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PostPosted: Tue Jul 24, 2018 11:45 pm 
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LOU SHINSEKI: THE TWINNING REACTION (2017)

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DOUG AND HOWARD, TWINS FEATURED IN THE TWINNING REACTION

Such knowledge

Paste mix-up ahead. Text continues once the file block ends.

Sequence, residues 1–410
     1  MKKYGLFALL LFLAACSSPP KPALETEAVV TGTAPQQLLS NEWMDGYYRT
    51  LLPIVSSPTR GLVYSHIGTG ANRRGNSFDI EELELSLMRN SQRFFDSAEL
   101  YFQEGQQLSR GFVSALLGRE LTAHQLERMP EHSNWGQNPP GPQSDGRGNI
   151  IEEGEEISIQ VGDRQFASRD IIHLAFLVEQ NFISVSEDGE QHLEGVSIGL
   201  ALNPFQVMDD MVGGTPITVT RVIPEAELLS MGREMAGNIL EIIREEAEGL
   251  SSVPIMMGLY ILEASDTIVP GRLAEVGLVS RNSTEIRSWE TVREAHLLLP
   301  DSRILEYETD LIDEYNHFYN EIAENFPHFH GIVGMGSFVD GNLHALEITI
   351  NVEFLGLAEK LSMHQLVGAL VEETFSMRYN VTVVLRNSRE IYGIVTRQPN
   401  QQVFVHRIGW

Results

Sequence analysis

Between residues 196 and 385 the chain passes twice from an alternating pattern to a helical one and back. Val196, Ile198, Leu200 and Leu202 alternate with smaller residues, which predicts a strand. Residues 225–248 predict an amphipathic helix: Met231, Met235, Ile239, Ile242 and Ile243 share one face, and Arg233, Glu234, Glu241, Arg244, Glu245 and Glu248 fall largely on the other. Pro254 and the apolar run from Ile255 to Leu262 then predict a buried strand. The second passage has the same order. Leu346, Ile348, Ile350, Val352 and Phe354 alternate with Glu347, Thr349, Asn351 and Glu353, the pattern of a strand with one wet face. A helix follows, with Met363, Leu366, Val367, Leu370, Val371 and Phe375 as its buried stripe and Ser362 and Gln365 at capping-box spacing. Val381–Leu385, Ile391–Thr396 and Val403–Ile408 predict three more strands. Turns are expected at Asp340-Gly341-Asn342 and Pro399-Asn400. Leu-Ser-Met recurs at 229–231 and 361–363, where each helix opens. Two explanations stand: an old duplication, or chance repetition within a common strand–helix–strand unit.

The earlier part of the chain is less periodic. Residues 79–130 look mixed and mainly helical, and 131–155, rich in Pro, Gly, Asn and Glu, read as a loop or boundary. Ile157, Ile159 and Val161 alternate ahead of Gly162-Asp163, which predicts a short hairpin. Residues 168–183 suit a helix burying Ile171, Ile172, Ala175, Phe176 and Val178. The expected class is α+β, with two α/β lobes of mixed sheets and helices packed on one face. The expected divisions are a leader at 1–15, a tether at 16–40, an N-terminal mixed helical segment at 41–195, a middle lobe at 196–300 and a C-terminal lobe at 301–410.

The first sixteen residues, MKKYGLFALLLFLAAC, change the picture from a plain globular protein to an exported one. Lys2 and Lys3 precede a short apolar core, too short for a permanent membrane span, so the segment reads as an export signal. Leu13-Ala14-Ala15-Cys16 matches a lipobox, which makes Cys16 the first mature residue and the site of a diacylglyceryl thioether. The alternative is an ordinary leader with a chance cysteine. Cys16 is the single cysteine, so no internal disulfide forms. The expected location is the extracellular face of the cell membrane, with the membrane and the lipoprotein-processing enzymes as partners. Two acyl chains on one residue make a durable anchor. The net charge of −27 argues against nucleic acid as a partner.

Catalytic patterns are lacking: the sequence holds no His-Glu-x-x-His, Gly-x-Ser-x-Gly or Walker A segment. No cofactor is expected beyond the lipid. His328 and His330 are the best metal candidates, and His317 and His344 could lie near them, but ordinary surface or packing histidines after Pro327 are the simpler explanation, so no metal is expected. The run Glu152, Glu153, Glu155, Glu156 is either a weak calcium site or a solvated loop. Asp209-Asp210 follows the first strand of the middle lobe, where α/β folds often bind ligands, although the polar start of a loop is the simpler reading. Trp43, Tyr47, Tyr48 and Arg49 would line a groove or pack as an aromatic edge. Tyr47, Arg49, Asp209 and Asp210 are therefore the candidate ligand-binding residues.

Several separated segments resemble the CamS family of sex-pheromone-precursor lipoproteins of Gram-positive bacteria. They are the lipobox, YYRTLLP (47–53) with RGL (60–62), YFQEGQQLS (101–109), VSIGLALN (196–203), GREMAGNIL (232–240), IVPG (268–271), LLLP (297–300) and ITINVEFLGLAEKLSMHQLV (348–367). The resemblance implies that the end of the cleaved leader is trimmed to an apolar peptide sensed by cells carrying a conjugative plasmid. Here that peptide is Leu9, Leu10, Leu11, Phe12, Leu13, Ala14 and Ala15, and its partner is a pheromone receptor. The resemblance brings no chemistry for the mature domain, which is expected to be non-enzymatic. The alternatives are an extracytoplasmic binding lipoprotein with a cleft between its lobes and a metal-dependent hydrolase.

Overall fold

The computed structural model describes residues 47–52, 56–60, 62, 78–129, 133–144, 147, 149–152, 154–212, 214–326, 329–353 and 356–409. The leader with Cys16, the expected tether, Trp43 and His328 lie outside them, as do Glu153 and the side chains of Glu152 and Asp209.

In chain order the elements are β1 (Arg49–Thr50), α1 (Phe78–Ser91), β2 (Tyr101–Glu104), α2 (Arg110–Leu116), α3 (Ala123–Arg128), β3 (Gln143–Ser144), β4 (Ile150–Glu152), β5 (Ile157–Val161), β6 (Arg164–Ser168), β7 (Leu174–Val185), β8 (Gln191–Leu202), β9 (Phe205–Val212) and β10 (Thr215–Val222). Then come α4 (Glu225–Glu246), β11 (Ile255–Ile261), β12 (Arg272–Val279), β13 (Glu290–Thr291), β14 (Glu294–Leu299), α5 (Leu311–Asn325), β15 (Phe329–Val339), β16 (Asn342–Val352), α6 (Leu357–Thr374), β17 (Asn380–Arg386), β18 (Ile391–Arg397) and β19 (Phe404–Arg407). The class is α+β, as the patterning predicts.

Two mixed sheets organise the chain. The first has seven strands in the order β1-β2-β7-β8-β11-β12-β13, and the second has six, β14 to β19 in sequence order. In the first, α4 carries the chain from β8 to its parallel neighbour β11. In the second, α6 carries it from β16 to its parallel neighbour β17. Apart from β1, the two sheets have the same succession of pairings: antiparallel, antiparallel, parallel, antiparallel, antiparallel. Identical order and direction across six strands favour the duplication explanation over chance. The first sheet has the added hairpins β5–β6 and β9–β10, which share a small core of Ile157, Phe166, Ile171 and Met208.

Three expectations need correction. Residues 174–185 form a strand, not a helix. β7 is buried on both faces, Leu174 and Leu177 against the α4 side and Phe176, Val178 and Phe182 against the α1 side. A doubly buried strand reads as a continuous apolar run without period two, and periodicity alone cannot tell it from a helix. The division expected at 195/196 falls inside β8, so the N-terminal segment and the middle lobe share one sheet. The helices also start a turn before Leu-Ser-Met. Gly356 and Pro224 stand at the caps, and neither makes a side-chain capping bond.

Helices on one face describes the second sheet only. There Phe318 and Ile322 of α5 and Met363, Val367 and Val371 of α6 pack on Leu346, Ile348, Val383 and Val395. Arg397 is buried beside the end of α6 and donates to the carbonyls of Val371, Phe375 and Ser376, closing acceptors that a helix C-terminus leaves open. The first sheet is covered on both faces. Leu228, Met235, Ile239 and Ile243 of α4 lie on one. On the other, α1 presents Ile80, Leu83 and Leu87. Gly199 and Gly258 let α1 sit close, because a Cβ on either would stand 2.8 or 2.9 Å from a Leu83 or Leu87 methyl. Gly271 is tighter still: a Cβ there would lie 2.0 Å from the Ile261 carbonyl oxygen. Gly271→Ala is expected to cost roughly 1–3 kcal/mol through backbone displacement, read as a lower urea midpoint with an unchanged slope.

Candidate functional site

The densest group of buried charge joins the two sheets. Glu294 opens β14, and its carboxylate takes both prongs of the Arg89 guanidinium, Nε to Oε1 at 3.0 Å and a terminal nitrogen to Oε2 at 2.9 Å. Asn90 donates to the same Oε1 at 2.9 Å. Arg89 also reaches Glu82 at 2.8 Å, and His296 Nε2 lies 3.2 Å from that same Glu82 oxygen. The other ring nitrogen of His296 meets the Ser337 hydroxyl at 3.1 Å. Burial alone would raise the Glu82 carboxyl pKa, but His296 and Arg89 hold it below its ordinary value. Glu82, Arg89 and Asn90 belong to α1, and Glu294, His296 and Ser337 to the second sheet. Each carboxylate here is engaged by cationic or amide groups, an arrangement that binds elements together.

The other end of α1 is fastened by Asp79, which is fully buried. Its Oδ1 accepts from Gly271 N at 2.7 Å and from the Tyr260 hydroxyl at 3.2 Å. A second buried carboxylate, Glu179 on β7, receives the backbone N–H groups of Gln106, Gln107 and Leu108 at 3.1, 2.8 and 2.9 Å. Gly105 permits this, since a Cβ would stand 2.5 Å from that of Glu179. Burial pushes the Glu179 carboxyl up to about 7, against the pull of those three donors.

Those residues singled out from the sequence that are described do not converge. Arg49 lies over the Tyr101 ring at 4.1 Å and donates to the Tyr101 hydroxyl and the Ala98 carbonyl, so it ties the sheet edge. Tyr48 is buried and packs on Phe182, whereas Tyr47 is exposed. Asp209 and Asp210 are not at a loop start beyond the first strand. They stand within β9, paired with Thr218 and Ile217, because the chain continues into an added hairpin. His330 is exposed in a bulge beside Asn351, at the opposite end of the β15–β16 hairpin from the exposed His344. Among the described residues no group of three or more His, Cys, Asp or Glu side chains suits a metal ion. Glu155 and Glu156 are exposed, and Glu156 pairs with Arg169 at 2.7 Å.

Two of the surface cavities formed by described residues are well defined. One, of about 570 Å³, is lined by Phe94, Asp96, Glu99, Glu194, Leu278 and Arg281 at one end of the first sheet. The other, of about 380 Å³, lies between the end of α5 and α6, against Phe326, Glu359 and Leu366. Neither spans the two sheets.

As Daniel Engber says in a review for Slate,"Three Identical Strangers Has a Long-Lost Twin" - another film that covers the same ground. This "twin" is The Twining Reaction. Both films are documentaries about the misguided - to put it politely - study set up by Viola Bernard and Peter Neubauer, that was supplied with infants by Louise Wise Services, twins, and in one case triplets, who were separated at birth and put up for adoption, then studied, without the twins (or triplets) or their adoptive parents knowing they had identical siblings. Recently Tim Wardle's Three Identical Strangers was released and has gotten a lot of publicity. It turns out Wardle's film has a "twin," started by Lou Shinseki at about the same time, with less funding, a shorter film (55 minutes instead of 96), finished and released a year earlier than Three Identical Strangers' January 2018 Sundance debut.